Territory Stories

Budget Paper No.6 1997/98 Northern Territory Economy

Details:

Title

Budget Paper No.6 1997/98 Northern Territory Economy

Other title

Tabled Paper 3223

Collection

Tabled Papers for 7th Assembly 1994 - 1997; Tabled papers; ParliamentNT

Date

1997-04-30

Notes

Made available by the Legislative Assembly of the Northern Territory under Standing Order 240. Where copyright subsists with a third party it remains with the original owner and permission may be required to reuse the material.

Language

English

Subject

Tabled papers

File type

application/pdf

Use

Copyright

Copyright owner

See publication

License

https://www.legislation.gov.au/Series/C1968A00063

Parent handle

https://hdl.handle.net/10070/289257

Citation address

https://hdl.handle.net/10070/404114

Page content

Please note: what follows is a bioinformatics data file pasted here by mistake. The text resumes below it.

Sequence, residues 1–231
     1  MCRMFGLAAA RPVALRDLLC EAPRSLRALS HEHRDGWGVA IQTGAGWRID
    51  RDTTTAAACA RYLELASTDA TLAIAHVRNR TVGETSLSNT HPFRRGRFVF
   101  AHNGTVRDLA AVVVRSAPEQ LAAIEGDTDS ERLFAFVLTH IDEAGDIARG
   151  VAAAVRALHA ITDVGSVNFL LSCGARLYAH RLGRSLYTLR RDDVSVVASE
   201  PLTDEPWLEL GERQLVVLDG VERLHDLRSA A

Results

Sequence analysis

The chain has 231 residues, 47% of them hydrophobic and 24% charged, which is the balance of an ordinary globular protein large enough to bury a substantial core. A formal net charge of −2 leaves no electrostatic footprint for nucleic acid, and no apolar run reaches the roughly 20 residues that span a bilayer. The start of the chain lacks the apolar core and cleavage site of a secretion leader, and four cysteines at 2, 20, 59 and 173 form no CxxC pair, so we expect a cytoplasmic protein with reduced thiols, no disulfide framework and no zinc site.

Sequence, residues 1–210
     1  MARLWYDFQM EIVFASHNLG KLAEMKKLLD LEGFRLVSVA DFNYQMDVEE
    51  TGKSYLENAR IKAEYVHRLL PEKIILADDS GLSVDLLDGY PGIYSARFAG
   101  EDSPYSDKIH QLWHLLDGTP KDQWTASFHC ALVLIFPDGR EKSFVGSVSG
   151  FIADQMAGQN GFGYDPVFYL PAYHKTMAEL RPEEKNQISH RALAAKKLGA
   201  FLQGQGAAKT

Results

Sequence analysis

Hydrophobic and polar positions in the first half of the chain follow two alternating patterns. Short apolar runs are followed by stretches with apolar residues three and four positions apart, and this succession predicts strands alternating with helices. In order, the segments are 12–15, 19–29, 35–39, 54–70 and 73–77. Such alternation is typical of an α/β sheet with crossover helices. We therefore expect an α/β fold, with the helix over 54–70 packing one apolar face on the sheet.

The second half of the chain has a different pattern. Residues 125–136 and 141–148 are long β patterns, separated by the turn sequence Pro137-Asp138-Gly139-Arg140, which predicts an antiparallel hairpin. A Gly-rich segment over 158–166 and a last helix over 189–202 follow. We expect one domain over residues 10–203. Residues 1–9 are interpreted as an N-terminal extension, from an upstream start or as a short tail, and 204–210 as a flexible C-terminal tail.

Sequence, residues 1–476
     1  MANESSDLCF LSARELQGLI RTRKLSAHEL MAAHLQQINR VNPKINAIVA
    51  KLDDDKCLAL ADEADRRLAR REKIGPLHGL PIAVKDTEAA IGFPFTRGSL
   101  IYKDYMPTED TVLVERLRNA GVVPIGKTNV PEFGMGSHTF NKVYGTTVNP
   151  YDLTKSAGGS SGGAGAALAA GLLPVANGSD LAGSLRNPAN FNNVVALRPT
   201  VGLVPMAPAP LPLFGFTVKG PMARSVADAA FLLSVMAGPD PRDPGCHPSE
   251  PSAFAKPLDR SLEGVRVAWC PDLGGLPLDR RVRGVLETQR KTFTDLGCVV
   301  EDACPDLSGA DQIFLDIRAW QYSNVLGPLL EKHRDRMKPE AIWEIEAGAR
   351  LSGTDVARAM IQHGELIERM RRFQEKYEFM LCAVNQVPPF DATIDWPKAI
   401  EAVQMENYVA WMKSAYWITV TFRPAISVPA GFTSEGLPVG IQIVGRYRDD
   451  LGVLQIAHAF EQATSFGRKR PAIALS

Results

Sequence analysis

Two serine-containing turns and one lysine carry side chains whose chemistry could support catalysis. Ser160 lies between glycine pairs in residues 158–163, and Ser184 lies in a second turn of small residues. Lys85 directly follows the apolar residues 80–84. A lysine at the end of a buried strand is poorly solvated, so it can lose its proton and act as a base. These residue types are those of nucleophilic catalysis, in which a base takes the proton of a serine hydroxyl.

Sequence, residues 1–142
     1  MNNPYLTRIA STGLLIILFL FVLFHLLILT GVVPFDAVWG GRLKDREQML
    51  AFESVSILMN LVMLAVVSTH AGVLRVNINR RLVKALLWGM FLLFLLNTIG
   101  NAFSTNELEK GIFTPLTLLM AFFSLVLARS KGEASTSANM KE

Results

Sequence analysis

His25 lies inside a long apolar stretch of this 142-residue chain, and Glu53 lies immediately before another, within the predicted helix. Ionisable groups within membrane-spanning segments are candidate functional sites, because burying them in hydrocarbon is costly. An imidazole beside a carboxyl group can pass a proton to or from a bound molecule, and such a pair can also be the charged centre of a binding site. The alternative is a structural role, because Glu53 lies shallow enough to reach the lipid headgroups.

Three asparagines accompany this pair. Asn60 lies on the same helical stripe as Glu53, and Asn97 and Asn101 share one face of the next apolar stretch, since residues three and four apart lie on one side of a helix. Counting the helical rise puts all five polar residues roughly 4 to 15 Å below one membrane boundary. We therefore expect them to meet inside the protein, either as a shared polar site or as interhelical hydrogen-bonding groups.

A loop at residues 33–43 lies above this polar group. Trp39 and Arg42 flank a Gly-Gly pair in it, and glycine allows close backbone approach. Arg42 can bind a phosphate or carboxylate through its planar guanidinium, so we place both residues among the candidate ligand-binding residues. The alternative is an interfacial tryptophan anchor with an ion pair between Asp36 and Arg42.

industry tendering and resupply bases. The construction of the railway will accelerate activity in this regard. The Northern Territory Department of Transport and Works has forecast that cargo movements through the Port of Darwin will triple over the next fifteen years. Over the same period, cruise ship visits are projected to more than double and passenger numbers at Darwin Airport are expected to increase to 1.7 million per year from the present 855 000. This confirms the need for continued expansion of the Territorys transport infrastructure. Other more ambitious projects currently under investigation include a space base that has been proposed at Gunn Point, about 35 kilometres from Darwin, or another suitable site. An Environmental Impact Study is nearing completion and assessment of its viability is continuing. Innovative high speed freight vessels are also being developed to meet the needs of time-sensitive cargo. Transit times will be dramatically reduced, although they will require high volume, high value routes to make them economically viable. Communication The Territory has benefited more than most jurisdictions from the continued advancement of communications technology. The advent of teleconferencing and satellite communications has enabled government and other services in remote areas to be carried out more effectively than before. It has also helped reduce the barriers of distance experienced by many Territorians. The full benefits of this technology will be realised as its cost falls and developments expand its uses. The introduction of competition in the telecommunications market has resulted in reduced costs and an expanded range of available services. The major competitor to Telstra, Optus, has invested approximately $5.6 million in the Territory, mainly for six mobile phone base stations, and now offers long distance, mobile and satellite services. Optus also plans to provide a satellite pay television service in the Territory in mid 1997. Mobile phone services have now been expanded into Nhulunbuy and Tennant Creek. This is in addition to Darwin, Palmerston and surrounding areas, Katherine, Alice Springs and Yulara which were already covered. Darwin is presently serviced by three providers (Telstra, Optus and Vodaphone) and Alice Springs, Katherine and Yulara are serviced by two (Telstra and Optus). A variety of services are also provided via satellite to rural and remote Australia. Both Optus MobileSat and Telstras Satcom-M provide voice, fax and data transmission to the whole of Australia including 200 kilometres out to sea. Transport and Communications 84


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